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A Primer on Audit for Responsible Gold

 

Pankaj Chadha, partner with an Indian member firm of Ernst & Young Global discussed about process of Audit for Responsible Gold, challenges on recycle gold, incremental cost on implementing system etc. while giving an interview to Bullion Bulletin. Excerpts….

 

Can you take us through the entire process of Audit for Responsible Gold?

LBMA has very extensive guidance for gold refiners that not only requires proper due diligence of supply chain but also requires refiners to design appropriate processes to address various associated risks and continuously monitor operating effectiveness of these processes. To maintain “good delivery” status with LBMA, refiners are required to pass an audit conducted by LBMA accredited auditor. Auditor accreditation is a well laid down process, controlled and monitored by LBMA. Auditors are required to follow global auditing standards to audit and report on compliance with LBMA guidance for Responsible Gold.

 

Auditors are required to audit and provide assurance under these global auditing standards on refiners gold supply chain management systems and practices. Typically, an audit would cover activities over a 12 month reporting period.

 

To ensure that all metals held for customers are of the highest quality and that the bars contain the weight of metal they are said to contain, the Chain of Integrity shall be maintained. This means that a bar from outside the chain can only be entered into the chain once it has been proven that the quality of the bar is according to LBMA Good Delivery standards.The Good Delivery standards provide the highest level of comfort to buyers of the quality.

 

Refinery space in India, particularly gold and other precious metals refining, is still at a very nascent stage.

 

Under the draft Gold Monetization Scheme of the Central Government,Bureau of India Standards (BIS) has been asked by the department to ascertain if it can conduct accreditation of products being produced by Indian refiners also. Bureau of Indian Standards may soon bring an accreditation programme for refiners.Also, similar accreditation initiatives may be pursued by various commodity exchanges for refiners interested in delivering metal into the exchanges.

 

Indian refiners who were to seek accreditation similar to one prescribed by LBMA would need not only to design business processes in manner so prescribed but also ensure that they have put in monitoring process of operating effectiveness of such processes.

 

Can you elaborate on the auditing process a bit?

A third party audit establishes existence and operating effectiveness of processes refiner has put in place to manage risks that impact the supply chain for gold and related quality matters. The guidance provided under auditing standards to undertake such audits is detailed but requires expertise to ensure that auditor employs adequate professional judgment in its understanding of risks associated with supply chain management for precious metals and has knowledge, tools and enablers to conduct a thorough audit. Professional judgment is required to assess appropriateness of samples to be tested, timing of audit procedures, nature of audit tests and extent of audit work, to just name a few.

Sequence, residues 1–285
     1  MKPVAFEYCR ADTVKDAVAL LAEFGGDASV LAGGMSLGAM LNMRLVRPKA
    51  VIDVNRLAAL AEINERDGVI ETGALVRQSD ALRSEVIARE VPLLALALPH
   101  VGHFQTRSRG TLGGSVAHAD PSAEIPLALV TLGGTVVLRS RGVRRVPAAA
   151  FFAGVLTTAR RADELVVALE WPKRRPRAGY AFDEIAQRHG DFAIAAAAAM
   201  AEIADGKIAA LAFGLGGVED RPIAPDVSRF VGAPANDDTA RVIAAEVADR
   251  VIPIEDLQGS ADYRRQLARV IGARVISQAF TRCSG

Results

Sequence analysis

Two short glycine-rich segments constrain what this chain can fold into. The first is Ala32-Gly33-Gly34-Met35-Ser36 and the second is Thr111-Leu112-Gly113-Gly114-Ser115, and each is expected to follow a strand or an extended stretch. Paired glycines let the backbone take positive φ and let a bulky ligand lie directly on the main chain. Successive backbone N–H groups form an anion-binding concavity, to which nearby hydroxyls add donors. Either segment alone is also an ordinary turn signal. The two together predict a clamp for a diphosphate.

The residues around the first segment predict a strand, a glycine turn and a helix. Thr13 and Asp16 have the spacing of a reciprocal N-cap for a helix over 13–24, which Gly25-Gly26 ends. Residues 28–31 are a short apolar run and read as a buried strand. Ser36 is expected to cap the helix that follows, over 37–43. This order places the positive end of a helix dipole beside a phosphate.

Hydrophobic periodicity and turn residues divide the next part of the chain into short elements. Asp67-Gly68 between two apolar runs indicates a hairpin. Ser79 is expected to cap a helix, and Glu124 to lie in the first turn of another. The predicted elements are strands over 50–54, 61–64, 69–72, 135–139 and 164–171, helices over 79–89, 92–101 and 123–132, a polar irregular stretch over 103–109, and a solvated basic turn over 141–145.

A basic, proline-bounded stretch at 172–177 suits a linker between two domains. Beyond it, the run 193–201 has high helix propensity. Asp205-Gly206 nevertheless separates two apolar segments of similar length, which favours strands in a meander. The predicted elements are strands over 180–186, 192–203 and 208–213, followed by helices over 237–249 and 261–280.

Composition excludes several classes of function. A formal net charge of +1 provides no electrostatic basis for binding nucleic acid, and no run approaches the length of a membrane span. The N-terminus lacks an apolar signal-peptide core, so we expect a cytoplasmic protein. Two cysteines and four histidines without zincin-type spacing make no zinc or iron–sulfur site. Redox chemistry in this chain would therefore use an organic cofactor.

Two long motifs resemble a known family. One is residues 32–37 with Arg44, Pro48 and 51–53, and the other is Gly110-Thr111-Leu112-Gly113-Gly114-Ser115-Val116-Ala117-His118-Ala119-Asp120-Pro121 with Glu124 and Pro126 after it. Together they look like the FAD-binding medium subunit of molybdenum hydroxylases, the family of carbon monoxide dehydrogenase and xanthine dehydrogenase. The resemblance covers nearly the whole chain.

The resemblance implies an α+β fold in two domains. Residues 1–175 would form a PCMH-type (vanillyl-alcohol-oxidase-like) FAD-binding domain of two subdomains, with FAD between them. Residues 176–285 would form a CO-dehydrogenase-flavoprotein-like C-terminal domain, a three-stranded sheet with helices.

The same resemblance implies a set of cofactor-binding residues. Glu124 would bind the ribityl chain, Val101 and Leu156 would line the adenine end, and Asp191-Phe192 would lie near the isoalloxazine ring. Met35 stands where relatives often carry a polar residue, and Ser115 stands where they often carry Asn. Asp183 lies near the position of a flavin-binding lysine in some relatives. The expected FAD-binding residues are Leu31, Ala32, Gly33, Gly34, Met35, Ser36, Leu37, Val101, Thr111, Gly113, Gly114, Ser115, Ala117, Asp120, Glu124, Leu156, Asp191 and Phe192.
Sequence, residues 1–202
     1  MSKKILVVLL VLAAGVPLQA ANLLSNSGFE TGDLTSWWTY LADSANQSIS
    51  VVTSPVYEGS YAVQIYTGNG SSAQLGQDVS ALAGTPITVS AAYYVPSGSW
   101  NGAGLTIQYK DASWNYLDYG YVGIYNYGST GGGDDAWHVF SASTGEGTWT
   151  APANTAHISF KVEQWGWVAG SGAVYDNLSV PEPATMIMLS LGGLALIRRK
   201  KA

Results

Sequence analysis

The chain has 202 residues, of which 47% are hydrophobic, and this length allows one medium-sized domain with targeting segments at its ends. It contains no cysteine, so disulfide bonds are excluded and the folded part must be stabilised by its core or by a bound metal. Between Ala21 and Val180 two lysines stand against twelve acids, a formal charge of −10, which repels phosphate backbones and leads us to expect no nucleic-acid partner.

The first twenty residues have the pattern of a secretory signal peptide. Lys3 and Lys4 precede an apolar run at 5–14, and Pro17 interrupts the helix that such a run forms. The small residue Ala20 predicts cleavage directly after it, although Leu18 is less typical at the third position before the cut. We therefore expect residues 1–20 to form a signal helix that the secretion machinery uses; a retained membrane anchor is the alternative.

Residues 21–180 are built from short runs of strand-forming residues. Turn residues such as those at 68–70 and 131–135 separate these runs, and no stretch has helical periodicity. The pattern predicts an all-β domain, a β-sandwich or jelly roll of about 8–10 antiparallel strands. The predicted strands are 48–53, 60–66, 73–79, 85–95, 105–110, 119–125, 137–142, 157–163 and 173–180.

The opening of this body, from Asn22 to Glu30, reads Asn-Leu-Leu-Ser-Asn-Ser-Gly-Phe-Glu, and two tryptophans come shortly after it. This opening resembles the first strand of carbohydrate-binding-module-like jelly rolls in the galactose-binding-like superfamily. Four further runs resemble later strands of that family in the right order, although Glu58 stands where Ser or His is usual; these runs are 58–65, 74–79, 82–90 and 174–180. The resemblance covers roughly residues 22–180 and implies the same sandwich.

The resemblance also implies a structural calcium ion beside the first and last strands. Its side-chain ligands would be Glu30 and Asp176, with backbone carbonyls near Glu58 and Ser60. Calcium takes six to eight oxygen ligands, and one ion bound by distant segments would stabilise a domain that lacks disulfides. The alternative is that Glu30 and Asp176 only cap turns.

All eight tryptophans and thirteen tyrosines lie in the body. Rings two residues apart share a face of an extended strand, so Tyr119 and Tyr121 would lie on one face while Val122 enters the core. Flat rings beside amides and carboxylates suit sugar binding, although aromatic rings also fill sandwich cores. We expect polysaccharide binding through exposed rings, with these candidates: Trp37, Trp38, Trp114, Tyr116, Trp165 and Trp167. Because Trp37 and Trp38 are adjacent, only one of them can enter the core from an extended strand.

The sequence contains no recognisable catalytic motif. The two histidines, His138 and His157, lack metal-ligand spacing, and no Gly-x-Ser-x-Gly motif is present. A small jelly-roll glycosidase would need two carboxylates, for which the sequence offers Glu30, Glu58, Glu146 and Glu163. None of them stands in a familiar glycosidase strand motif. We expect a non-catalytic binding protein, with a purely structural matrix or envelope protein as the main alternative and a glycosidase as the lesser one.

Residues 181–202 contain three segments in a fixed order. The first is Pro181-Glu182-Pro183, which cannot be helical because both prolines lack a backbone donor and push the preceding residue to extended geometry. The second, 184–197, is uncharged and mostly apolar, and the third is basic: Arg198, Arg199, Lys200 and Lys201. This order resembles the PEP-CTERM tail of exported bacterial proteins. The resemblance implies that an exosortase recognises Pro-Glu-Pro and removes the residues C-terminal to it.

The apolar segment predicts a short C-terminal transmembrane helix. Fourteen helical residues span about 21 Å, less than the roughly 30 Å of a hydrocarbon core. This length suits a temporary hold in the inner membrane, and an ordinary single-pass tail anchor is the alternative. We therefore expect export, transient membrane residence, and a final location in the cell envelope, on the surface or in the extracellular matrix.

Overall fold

Challenges related to dealing with recycle gold, basically scrap supplies.Your comments

Yes same challenges as in case of other channels of supply, exist in case of scrap supplies as well. However, as the refining scales up in India, the relative size and corresponding risks of scrap supplies might be less impacting.

 

I agree, maybe for an LBMA accredited refinery with mined gold as the primary raw material, recycle gold is relatively a small portion.However, if GMS comes into operation in India, bulk of the gold is going to be recycled gold. The money laundering could be a major problem. Is there any mechanism in-built in current regulation to deal with such situation?

 

Absolutely correct! There are risks associated to every class of transactions. Recycle gold has one set of risks, multi-layering of sourcing or sourcing from conflicted areas are other sets of risks. From an audit perspective, the approach would always be to assess the risks and determine the representative sample and then test that sample to be able to provide assurance.

 

In my view, if India were to move in that direction, there are three stages in which they have to go. Firstly, there has to be a regulator of the stature of LBMA in India. It could be BIS. That means, they are not only to put forth direction and monitoring kind of processes but also do accreditation of auditors in India, do ‘train the trainers’ kind of programme for auditors, so that they are geared up to provide that level of assurance.

 

Second layer is the refiners, who would have to gear up and set the processes which are aligned with the global standards.